Kulala Desert Lodge
This family friendly camp consists of thatch and canvas units called kulalas, each with a deck on the flat rooftops for sleep-outs under the stars.
This tour is an indication of what is possible in Namibia, however our travel consultants will personally put together a package based on your preferences, travel dates and budget.
Windhoek – Sossusvlei – Swakopmund – Damaraland – Etosha National Park
For those looking for a comprehensive taste of Namibia and its gems, then this is the itinerary for you. The goal here is to jam-pack 10 glorious days with a mix of as many diverse experiences as possible, from scenic drives to desert explorations, boating excursions, walks in the wild and much more. Not only will the experiences be varied, but so will the places, people and creatures you encounter along the way. Having derived its name from the Namib Desert, Namibia is a fascinating place full of contrasts waiting to be discovered. With man having made so little impact on the country’s landscape, Namibia is a genuine reflection of nature in its truest form and a country well worth spending an extended amount of time in.
After arriving at Windhoek Airport, you will collect your rental car and drive to the private Kulala Wilderness Reserve in Sossusvlei. Undoubtedly Namibia’s premier tourist attraction, the spectacular red-orange dunes are a sight to behold. Sossusvlei is a mud pan created by a transient desert river that flows through the desert every five to 10 years. It’s the high percentage of iron in the sand that gives it its rich colour, and contrasted against the brilliant blue skies and stark white salt pans, makes for the most stunning images. Many of the dunes reach over 200m, with the largest one, “Big Daddy”, being close to 380m high. Due to a lack of water, many of the local Acacia trees die, unable to even decompose, only adding to the intriguing eeriness of the place. You’ll spend time on the iconic dunes on scenic drives taking in the splendour of the surrounds and unique wildlife. Expect to see the small mammals and reptiles who have adapted to live in the arid desert setting, as well as ostriches and antelopes. Keep your eyes peeled for the amazing Namib Desert beetle that survives the harsh conditions by collecting water on its bumpy back surface during the early morning fogs.
Make your way by road to the picturesque town of Swakopmund, enjoying the incredible coastal scenery along the way. The charming seaside town is known for its eclectic mix of European and African cultures – not only does it boasts a distinct beach resort feel, but it is a wonderful example of German colonial architecture. You’ll explore the beautiful Atlantic coast on a “Dolphin and Seal” catamaran cruise that sets off from Walvis Bay (weather permitting). Apart from the many things to see and do during the day, at night the town comes alive with its string of bars, clubs, restaurants and coffee shops.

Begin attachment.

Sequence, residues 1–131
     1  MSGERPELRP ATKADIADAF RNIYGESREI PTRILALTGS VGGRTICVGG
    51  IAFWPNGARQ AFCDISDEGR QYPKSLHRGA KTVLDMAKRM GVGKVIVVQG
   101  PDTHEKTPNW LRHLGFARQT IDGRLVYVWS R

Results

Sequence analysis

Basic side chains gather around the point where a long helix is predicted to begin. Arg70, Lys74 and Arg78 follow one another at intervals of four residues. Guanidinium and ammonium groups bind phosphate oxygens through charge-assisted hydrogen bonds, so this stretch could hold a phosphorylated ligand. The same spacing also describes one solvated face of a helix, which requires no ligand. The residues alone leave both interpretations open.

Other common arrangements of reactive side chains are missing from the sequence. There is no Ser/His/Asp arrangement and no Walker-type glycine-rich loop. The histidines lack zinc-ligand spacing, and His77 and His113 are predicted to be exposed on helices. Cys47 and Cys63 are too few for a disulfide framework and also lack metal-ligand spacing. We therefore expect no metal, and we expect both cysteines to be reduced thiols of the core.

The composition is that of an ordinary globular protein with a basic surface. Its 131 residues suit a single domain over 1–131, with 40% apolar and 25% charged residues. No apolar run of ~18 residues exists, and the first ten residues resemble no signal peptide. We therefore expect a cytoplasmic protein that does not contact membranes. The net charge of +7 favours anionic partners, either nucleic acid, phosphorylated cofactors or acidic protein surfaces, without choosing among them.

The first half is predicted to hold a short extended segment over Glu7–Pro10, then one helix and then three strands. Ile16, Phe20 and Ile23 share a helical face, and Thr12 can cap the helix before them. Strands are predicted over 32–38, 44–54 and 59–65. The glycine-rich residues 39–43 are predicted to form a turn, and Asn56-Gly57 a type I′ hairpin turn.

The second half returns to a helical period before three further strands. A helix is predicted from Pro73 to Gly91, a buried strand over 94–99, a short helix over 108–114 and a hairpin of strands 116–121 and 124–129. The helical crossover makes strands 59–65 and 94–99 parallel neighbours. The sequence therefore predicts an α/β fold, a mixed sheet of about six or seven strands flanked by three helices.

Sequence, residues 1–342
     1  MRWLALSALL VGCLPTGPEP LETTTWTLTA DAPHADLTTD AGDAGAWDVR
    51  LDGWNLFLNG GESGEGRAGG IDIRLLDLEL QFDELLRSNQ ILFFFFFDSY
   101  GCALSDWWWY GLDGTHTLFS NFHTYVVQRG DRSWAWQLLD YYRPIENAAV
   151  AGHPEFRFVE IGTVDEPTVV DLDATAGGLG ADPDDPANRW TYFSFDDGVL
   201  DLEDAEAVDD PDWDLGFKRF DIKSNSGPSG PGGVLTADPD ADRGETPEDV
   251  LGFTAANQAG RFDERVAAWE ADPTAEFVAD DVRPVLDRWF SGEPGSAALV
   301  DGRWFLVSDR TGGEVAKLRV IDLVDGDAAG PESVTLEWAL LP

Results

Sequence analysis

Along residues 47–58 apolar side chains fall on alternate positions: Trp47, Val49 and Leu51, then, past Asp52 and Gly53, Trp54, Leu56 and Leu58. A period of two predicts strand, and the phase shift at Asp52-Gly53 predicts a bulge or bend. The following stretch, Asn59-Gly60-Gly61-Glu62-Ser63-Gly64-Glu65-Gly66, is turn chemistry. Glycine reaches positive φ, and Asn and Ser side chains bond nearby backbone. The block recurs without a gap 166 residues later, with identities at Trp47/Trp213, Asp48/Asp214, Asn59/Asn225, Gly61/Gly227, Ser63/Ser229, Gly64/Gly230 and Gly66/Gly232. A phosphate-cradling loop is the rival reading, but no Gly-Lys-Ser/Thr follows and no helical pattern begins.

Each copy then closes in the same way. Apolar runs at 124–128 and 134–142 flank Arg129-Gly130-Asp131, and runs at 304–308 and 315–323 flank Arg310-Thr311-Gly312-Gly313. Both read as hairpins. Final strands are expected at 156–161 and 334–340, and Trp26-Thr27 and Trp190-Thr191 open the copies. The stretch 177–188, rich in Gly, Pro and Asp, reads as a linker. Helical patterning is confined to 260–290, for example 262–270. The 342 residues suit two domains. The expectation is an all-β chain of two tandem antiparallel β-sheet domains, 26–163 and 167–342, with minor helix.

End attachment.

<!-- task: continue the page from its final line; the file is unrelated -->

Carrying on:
On Day 5 you will travel north up past Brandberg Mountain (otherwise known as “Fire Mountain”, the second largest monolith on earth and highest mountain in Namibia, its name is inspired by the orange glow created on its surface by the setting sun) via the Ugab Save the Rhino Trust Camp to the Damaraland region. The mountain has some engravings and carvings, as does Twyfelfontein. Deriving its name from the tribal Damara people, Damaraland offers fascinating environments and landscapes ready to be discovered, from vast grasslands to gorges, mountains and desert. Geological dolorite features such as Burnt Mountain and the “Organ Pipes” have been caused by weathering and stand tall as amazing feats of nature. The Petrified Forest is over 200 million years old and is made up of ancient wood that has been petrified in river silt and slowly exposed by erosion, while the Spitzkoppe is an ancient volcanic remnant very popular with climbers (much like the Brandberg). Enjoy game drives and nature walks as the stark desert beauty gets showcased, as does the amazing, desert-adapted wildlife, like black rhino, ostrich, elephant and springbok.
On Day 8 you will transfer by road to your accommodation in the private Ongava Game Reserve on the boundary of the world-renowned Etosha National Park. Both are the highest density wildlife areas within Namibia, so it’s here where your animal viewing will be second to none. The national park became a national park in 1967 and its name describes a “Great White Place”, very fitting since it is dominated by the very vast Etosha Pan, a long, dry, salt lakebed which forms part of the Kalahari Basin. The savannah area around the pan is home to a variety of creatures, most notably herds of elephant. Zebra, blue wildebeest, the endangered black rhino, springbok, lion, leopard and antelope, as well as migratory birds and flamingo, are prevalent – this is truly a safari experience unlike any other.
On your last day you will drive south again before catching your international flight home from the Windhoek Airport.